How to Purchase Land in California

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Buying land in California requires careful research and expertise.
Buying land in California requires careful research and expertise. (Image: land for sale image by RICO from <a href='http://www.fotolia.com'>Fotolia.com</a>)

Purchasing a land in California is usually more expensive than anywhere else in the United States. You do not have to be a resident of the state to purchase land, and most of the time you don’t even need to be a United States citizen. You will probably need the help of a real estate agent who is more familiar with the types of lots and any potential extra costs associated with each piece of land.

Decide how much you want to spend. Land in California is more expensive than in the rest of the country. Land values near any of the big cities can cost $300,000 or more, and many are going in the $400,000 to $700,000 price range. Typically the price of the lot should be about one-third the value of the house. If you’re thinking of purchasing a lot valued at $400,000, it means you should build a house worth $1.2 million to realize the value of the land. Talk to your mortgage broker for specifics related to your lot.

Interview several real estate agents who buy and sell land. An agent will help you find and choose land based on your budget and based on the purpose of the land. Choose the agent you feel the most comfortable with and visit the lots he recommends for you.

Analyze the topography. Near the big cities, most of the easily buildable land in California is gone. This means the land available may be either too rocky to build on, too steep or in the middle of the desert. However, with a bit of patience you can find some suitable land for your needs. If you're looking for land to keep livestock, it should be pretty flat or have smooth rolling hills. Bad topography affects the feasibility of putting in septic systems and building anything on the land.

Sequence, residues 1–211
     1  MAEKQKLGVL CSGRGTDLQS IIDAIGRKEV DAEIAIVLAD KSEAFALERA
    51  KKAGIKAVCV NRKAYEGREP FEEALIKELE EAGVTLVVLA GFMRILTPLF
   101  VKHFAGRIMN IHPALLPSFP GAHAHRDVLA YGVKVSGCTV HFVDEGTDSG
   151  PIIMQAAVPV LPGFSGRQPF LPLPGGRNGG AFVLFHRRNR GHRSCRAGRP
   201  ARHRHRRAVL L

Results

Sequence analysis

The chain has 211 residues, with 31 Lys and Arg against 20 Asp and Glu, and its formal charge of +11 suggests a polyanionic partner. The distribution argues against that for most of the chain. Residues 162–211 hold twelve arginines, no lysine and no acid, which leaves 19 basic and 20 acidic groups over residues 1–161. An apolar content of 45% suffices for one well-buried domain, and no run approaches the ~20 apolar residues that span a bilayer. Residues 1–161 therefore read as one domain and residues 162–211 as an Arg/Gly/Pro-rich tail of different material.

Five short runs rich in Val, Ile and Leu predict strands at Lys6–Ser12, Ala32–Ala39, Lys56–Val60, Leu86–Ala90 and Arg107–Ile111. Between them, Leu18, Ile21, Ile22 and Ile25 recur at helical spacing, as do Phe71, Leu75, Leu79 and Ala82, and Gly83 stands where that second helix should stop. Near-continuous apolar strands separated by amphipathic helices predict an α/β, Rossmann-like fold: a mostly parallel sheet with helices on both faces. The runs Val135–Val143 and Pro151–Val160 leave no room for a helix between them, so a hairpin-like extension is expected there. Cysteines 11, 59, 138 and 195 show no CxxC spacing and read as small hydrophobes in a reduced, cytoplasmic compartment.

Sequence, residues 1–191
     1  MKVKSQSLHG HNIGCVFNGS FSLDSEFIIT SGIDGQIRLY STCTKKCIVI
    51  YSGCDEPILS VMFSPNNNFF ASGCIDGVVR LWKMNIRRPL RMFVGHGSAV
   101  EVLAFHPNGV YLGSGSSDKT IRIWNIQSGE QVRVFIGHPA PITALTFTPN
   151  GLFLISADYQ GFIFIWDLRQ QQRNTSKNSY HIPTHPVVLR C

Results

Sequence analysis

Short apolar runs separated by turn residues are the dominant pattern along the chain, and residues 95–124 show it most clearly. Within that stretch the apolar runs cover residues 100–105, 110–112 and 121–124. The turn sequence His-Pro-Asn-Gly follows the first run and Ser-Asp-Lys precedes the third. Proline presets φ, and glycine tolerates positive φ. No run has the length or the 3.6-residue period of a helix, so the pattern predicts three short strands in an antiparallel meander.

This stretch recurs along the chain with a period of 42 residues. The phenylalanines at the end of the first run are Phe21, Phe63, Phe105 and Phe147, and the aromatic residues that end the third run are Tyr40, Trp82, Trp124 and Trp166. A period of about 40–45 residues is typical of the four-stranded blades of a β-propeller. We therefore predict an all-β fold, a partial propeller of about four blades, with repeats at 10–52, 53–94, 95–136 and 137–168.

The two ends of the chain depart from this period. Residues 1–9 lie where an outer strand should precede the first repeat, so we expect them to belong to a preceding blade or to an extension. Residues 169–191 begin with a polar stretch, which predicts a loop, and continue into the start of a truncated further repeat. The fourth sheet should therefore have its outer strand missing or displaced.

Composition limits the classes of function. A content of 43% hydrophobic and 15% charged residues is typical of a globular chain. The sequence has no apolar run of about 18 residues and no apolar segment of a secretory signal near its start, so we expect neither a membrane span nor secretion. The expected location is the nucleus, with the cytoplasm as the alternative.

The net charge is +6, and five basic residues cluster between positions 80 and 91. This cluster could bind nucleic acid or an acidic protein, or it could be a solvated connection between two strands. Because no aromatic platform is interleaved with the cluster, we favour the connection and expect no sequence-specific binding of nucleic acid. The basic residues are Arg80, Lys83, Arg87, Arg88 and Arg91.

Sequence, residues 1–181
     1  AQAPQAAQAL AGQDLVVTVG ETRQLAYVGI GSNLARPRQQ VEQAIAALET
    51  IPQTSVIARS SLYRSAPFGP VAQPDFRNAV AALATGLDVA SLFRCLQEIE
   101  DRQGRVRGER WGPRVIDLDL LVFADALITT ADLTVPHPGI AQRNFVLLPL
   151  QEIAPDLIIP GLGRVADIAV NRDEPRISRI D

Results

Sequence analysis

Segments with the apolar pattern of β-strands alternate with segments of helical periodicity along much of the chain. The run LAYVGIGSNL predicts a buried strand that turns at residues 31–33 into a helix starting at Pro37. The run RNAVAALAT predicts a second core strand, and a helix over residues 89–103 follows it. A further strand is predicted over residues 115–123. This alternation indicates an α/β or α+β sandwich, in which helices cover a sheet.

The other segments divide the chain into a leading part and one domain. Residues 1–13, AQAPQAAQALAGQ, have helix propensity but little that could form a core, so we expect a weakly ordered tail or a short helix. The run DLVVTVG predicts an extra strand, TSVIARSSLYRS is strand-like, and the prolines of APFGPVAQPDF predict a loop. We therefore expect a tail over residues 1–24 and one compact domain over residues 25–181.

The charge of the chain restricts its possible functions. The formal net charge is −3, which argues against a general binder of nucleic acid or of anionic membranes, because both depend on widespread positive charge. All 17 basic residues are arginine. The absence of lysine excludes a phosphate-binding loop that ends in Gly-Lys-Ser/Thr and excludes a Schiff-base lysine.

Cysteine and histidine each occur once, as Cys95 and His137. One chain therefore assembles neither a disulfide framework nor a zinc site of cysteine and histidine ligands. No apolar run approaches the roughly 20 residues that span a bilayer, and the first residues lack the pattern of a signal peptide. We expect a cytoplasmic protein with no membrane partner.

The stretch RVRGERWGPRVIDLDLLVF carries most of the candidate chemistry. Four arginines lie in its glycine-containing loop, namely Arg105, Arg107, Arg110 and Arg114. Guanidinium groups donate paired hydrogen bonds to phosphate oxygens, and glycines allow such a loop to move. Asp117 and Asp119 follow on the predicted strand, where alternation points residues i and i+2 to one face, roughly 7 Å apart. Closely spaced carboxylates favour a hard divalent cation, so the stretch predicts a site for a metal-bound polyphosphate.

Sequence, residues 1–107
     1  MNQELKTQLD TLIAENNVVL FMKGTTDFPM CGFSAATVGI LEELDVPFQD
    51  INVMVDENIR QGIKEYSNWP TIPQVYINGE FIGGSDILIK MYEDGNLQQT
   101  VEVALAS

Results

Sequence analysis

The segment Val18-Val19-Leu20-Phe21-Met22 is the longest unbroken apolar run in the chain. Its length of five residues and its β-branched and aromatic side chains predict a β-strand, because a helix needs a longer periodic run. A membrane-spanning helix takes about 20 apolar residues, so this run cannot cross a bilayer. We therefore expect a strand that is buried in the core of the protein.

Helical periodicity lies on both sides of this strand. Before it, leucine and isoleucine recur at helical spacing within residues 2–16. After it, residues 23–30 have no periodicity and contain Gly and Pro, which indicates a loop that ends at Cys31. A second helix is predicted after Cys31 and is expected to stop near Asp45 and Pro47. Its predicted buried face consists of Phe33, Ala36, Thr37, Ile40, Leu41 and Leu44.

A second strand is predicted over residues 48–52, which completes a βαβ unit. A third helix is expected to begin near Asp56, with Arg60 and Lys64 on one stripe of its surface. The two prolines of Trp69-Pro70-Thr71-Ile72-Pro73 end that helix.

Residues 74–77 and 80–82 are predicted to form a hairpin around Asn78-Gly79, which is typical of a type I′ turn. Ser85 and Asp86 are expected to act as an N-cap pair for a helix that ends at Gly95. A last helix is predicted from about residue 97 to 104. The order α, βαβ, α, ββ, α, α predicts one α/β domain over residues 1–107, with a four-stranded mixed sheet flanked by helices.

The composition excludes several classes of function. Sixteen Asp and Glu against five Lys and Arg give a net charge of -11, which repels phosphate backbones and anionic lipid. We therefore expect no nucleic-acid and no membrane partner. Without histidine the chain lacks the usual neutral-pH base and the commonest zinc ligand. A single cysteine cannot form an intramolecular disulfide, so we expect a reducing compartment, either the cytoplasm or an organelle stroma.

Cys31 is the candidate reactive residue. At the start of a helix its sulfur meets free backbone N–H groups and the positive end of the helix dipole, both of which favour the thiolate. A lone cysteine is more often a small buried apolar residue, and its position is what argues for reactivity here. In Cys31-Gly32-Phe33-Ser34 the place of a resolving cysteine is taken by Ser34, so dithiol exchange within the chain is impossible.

Ask the agent to investigate any potential expenses that may come with the lot. Do this once you have several land prospects picked out. Get an engineer to inspect your top prospects for any potential expenses or extra costs.

Write up an offer according to your budget and get a pre-approval letter from your mortgage broker.

Tips & Warnings

  • Be sure to ask about access to utilities like water and power. If there is no easy access to utilities, creating connections may be too costly and not economically feasible.

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